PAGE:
The words still circle in Tom Wenzl’s mind.
The 50-year-old Omaha man had just tackled 21-year-old gunman Jacob Muhle — a “kid,” as Wenzl put it — and held him down in an aisle at the Hy-Vee near 180th and Q Streets. An off-duty deputy Omaha police chief had joined the fray, wrestling Muhle’s gun away from him.
“You’re no hero. You’re no hero. You’re no hero,” Muhle kept saying, according to Wenzl.
Others might beg to differ. Wenzl and Scott Gray, the deputy police chief, saved lives during the frantic few minutes that Muhle shot at occupied cars and rattled off shots within the store, said prosecutor Amy Jacobsen, a deputy Douglas County attorney. The shooting sent people scrambling amid terror that a mass shooter was targeting shoppers, as had happened at Westroads Mall in December 2007.
Wenzl deflected the hero description Friday but said he knows that he saved one life: Muhle’s.
He said it was clear to him that Muhle was despondent and wanted to die.
“He wanted suicide by cop,” Wenzl said. “Life was so bad that he wanted someone to shoot him that day.”
Muhle and, miraculously, everyone else survived that surreal March 17, 2020.
And on Friday, he pleaded guilty to six felony charges that carry a punishment of anywhere from 11 to 176 years in prison. He will be sentenced in March.
Muhle’s father has told The World-Herald that his son had severe depression. He graduated from Millard West High School, where he participated in an independent learning program for students with learning disabilities.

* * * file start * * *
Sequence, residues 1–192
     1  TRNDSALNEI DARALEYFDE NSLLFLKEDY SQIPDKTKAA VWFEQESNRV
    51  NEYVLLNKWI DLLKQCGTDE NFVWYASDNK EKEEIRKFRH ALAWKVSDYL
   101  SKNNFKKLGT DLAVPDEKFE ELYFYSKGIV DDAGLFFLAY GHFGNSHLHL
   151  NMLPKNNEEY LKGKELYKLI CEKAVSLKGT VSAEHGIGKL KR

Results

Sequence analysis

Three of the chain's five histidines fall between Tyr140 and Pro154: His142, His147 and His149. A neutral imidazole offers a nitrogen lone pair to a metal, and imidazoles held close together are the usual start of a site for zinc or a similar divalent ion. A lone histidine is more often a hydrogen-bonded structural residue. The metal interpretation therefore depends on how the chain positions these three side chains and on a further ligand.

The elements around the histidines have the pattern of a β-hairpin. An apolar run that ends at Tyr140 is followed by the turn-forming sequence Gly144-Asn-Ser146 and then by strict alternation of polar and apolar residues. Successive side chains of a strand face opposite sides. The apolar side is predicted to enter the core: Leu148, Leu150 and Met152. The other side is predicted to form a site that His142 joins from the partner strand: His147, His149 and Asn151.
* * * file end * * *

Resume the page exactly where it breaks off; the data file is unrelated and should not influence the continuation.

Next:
On Friday, Wenzl said he “half expected” that he would tell his story on “Ellen” or “Tough as Nails.” But then the pandemic geared up, and the world moved on.
“I still think this would be a good story for those shows,” Wenzl said.
He said he had stopped by the store that night because his dog, Stella, had just had a litter. He wanted the store’s old boxes to line puppy crates. He headed around back but didn’t see any boxes discarded there.
He headed to the front of the store — planning to ask customer service if they would make a note to set aside any boxes for him.
Just then, he heard loud pops and thought it strange that someone would be setting off fireworks in March.
The loud pops, it turned out, were gunfire. Muhle started in the pharmacy drive-thru lane, firing one shot at a car and two at an SUV. The SUV driver, Carl Evans, said Muhle fired once and broke the rear window and again into his rear door.
“We were lucky he didn’t keep shooting,” Evans told The World-Herald then. “The fact that he didn’t shoot us made me think that he was just trying to wreak havoc. If he wanted to kill someone, we were right there.”
Having started toward customer service, Wenzl followed the gunshot sounds and walked outside to see Muhle with his gun.
“I saw the kid firing, firing at an SUV.”
Wenzl ran back into the store, yelling, “‘Gun! Shooter!’ Basically I was screaming at the top of my lungs.”
He said he thought that Muhle fired “in my direction.” A window at the front of the store shattered.
Wenzl took cover between a row of shelves in the pharmacy. Belly-down, he peeked around the corner.
Muhle stopped at the front of the store and shot out a security monitor.
Customers ran, screaming, to the back. Wenzl stayed put, shifting to a crouch. Meanwhile, Gray had bolted to the front of the store and had circled around to discern where the shots had come from.
Looking for anything suspicious, he spotted Wenzl crouching but, as he came up behind him, realized that he wasn’t armed.